Rapaport Magazine

Economic News Good, Industry Tentative

U.S. March Wholesale Market Report

By Ricci Dipshan

The U.S economic recovery regained momentum in early 2012 as the unemployment rate in January dropped to 8.3 percent — the lowest it has been in the past three years. Although a strong economic gauge, lower unemployment was but one of several economic indicators that appear to be impacting the market positively and improving business for a host of wholesalers around the country.

Among those benefitting from the economic uptick is Andrew Rickard, vice president of operations at loose diamond and jewelry manufacturer RDI Diamonds in Rochester, New York. “We are having really good sales coming off a very strong fourth quarter and a record year. The reason behind these good sales is that the overall economy is improving, and people have more confidence.”

Debbie Hakimian, vice president of marketing at fashion and bridal jewelry wholesaler Dove’s Jewelry Designs in Great Neck, New York, shared Rickard’s experience. “Sales have been terrific — I have only seen improvement. The Christmas season was really good, the fourth quarter of 2011 was fantastic and currently, things are really improving.”

This combination of strong sales and enthusiasm over the economy, however, is a world away from the experience of other wholesalers who have not gotten any boost from the recovery’s tailwinds. “Sales have been sluggish and I find consumer confidence is still nowhere near the levels it was prior to the recession,” noted Jay Moskovitz, vice president of loose diamond wholesaler Robert Moskovitz Co. Avi Simkhai, director of Kanton Diamonds in New York City, also has not seen any signs of economic momentum. “I find the economy to be slow, and I think the markets in the Far East are quiet, and markets all over the world are not stable.”

In explaining the starkly divergent experiences among individual wholesalers, Rickard noted that, while getting better, the economy is not yet strong enough to have a pervasive effect on the entire wholesale market. “There are still some pockets of the market and of the country that are definitely tough. And then there are those for whom lightning strikes just everywhere.”

A growing trend in the current wholesale market is the scarcity of princess cut diamonds.
  “Consumer demand has been fairly consistent, but supplies have dwindled on princesses, so their prices have risen,” said Rickard. “Since princesses are hard to come by, cushion and radiant cuts are doing well” and taking up the slack.

Ann Arnold, chief executive officer (CEO) at bridal jewelry manufacturer Lieberfarb, Inc. in Orange, New Jersey, also noticed a shortage of princesses in the market. “I haven’t had too many problems with restocking other cuts but, with the princesses, I am definitely having some problems.” 

For the time being, wholesalers are saying that prices are not coming down from their high points but, thankfully, are not rising either. “For the most part, overall prices have been pretty stable,” observed Hakimian.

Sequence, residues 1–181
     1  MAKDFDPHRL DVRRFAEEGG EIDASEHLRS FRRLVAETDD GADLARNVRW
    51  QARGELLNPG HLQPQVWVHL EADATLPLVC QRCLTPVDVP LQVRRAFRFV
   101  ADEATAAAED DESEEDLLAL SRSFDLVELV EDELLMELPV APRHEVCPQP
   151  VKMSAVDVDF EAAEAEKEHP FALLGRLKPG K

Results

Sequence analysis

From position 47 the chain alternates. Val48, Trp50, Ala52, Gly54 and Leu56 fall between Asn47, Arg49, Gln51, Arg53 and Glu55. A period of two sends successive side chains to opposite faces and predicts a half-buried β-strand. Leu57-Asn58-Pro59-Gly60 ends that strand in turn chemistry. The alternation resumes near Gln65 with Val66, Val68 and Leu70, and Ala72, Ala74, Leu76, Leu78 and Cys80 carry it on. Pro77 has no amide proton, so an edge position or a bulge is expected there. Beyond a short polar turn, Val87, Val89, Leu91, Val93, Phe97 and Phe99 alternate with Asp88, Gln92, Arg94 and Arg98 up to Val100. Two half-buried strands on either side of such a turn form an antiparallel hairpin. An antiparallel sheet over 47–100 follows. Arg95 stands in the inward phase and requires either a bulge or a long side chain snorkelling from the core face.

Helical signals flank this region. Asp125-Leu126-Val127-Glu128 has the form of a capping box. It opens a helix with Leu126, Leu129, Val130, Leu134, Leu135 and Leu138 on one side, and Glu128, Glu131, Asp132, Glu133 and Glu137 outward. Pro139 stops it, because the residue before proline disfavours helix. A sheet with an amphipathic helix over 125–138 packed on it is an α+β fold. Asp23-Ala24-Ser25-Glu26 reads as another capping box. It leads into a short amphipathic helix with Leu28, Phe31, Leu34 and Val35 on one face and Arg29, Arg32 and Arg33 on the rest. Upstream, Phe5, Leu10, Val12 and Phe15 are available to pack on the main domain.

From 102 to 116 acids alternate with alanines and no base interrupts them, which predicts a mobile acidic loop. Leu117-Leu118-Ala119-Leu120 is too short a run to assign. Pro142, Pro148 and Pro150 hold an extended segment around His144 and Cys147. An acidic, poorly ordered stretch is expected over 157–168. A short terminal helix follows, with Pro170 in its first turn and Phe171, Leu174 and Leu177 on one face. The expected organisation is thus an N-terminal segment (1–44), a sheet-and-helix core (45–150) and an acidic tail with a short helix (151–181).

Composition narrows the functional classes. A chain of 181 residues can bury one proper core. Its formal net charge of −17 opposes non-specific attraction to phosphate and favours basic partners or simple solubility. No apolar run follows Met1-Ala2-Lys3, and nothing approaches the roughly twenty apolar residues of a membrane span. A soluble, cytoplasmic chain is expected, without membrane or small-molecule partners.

Many wholesalers also report that even when it is relatively easy to find the items they are seeking, high market prices are making it harder for them to replace goods and stay within desired price points. “Prices are still generally high — if you want it, you have to pay more for it,” declared Rickard.

These price pressures have forced some wholesalers to shrink their inventory. “Inventory does go down because it’s hard for me to replace goods,” said Simkhai. “Prices have not declined as much as I think they should.”

Though retailers have adjusted to the prevailing prices, they are still searching for the lowest prices they can find. “I feel like everyone is very well aware of what’s going on in the diamond industry, and retailers are not giving me much resistance to price. But then again — have I had retailers complain and say ‘you have to do better’? Of course! They know prices are high and they just don’t want to pay them,” acknowledged Arnold.

Chasing after sales in the current environment is a game of figuring out what price you have to offer retailers to close the deal. “If you offer the right product at the right price, it is golden. If you have a good-looking product and are offering it at a fair price point, you are going to do well,” advised Hakimian.

With some wholesalers expounding the virtues of the economic recovery and others questioning when it will ever kick in, there are divergent views on how the wholesale market will fare in the coming months. Almost all wholesalers, however, express a level of cautiousness and a “wait-and-see” sentiment when looking to the future. “The only trend that I see is continued uncertainty as to where the market is going to go and what is happening — everything has become a guessing game,” said Simkhai.



  • Princess cut diamonds have increased in price due to a shortage in the market.
  • The most popular fancy shapes are princess, radiant and cushion, while the most popular colors are G, H and I and the most popular qualities are SI and SI2.

  • Prices are stable, but overall remain relatively high, making it harder for wholesalers to replace goods.

  • Stones ranging from .50 carats to .75 carats are in demand, while larger stones ranging from 3 carats to 5 carats also are selling well.

Article from the Rapaport Magazine - March 2012. To subscribe click here.

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